Aficionados will enjoy reading about Darryl Starbird’s first bubble top car, Bo Huff’s collection of “works of art on wheels,” and the “Ohio Flames” Bobby Alloway made famous. The strength of Miller’s book is as a repository for the oral histories of an impressive collection of aging hot rod pioneers. The car buffs interviewed for this project provide fascinating and illuminating personal histories of American hot rodding in all of its many guises. However, what is lacking in the responses is a convincing antidote to the greying of hot rod culture. While the men collectively agreed that interest in the culture must be passed on to younger generations if it is to survive, they were unable to offer concrete suggestions on how that might be accomplished.
In the last section, Miller reiterates the conditions leading to the culture’s precarious future—rising fuel costs, costs to the environment, and the move toward autonomous vehicles—and contemplates possible solutions. The incorporation of new technology into old cars, Miller argues, provides the greatest opportunity for hot rodding’s survival, as it will not only address environmental issues, but will make the hobby more attractive to younger car buffs. However, neither Miller nor those he interviews suggest that an effective way to increase participation is to make hot rodding more inclusive. As a cultural studies scholar, I must mention that hot rodding culture is now, and has always been, composed of individuals who are overwhelmingly white, male, and heterosexual. Making the hobby accessible to a wider audience has the possibility of bringing new interest, enthusiasm, and ideas to the hobby. Muscle car culture, long a bastion of masculinity, has witnessed an influx of female enthusiasts. The inclusion of women has not only stemmed the tide of attrition, but has changed the face of the culture. In addition, by concentrating primarily on aging car buffs rather than up-and-coming builders and designers, Miller missed an opportunity to consult with those not as deeply rooted in the past who might have better insight into the future.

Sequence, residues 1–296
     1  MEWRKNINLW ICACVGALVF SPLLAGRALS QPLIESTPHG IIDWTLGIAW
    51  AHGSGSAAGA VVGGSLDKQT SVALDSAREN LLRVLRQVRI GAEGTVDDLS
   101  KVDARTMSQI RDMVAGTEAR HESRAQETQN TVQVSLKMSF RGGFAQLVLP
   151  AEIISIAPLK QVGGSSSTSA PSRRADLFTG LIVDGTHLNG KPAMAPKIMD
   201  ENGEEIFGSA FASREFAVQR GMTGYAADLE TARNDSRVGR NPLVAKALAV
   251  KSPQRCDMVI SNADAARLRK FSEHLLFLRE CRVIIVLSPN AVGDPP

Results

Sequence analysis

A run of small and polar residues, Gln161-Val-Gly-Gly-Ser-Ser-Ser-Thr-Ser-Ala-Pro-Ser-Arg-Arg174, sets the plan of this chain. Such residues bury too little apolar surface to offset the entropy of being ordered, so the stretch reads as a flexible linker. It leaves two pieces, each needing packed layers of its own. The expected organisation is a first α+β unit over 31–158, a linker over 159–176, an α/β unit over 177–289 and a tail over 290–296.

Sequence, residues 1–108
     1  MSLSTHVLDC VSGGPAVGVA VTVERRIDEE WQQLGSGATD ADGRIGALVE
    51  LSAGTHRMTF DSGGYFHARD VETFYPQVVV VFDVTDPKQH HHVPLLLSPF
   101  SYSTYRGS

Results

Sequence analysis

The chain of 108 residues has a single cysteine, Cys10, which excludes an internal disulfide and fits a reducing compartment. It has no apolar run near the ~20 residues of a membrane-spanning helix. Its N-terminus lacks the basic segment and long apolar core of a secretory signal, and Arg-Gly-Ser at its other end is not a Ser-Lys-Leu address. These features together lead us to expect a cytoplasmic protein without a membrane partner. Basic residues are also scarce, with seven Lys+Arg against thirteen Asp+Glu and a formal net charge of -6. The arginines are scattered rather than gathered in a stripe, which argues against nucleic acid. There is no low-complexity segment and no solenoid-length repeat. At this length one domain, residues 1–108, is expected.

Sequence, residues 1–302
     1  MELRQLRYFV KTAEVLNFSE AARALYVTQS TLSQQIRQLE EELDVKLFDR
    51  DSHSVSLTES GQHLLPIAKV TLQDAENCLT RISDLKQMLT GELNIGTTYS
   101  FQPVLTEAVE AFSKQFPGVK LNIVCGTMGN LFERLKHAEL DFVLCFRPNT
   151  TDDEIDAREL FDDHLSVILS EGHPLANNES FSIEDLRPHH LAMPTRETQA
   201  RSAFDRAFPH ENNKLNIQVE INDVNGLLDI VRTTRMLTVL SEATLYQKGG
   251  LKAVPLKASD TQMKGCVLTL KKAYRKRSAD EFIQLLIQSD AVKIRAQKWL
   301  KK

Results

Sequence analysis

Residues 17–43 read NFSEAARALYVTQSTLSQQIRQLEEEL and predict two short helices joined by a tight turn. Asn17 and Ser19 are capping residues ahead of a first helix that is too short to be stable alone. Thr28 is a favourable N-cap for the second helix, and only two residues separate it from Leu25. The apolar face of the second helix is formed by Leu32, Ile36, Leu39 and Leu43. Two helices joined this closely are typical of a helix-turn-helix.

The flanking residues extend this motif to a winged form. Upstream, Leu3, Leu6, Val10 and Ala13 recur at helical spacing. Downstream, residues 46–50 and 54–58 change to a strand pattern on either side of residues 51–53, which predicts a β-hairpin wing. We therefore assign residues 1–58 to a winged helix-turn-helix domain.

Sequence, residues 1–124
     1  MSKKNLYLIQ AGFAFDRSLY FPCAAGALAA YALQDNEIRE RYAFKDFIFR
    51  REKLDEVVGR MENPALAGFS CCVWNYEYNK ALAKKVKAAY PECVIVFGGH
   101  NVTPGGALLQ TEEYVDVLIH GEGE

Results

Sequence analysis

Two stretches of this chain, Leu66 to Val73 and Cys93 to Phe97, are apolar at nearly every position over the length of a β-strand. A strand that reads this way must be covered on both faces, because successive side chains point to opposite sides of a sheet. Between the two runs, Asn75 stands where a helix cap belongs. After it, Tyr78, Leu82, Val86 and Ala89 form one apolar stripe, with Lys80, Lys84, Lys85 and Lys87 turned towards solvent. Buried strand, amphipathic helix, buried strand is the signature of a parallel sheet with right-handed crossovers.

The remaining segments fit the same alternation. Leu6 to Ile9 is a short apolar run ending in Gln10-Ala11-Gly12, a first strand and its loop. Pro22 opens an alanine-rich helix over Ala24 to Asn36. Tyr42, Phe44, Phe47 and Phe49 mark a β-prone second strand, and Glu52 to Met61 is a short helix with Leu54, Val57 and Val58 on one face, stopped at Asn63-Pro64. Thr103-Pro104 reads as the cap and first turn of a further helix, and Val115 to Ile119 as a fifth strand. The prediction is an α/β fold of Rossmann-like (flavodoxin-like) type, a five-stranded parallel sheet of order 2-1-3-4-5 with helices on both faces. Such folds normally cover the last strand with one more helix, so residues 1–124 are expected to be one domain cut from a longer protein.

Miller’s enthusiasm for hot rods and his reverence for hot rod legends are evident on every page of this book. For the hot rod aficionado, this book provides an opportunity to hear from the oldtimers before they pass onto that great drag strip in the sky. For the casual car buff, the book offers a unique glimpse into a specific car culture and introduces the individuals who made a name for themselves within it. As a certifiable gearhead, Miller loves the world of hot rodding; he interviewed men he has long admired in the hope that in their wisdom they would provide the key to the culture’s survival. Only time will tell if, in fact, Miller succeeded.
Copyright 2018, Chris Lezotte (speedreaders.info).
This review appears courtesy of the SAH in whose Journal No. 295 (November / December 2018) it was first printed.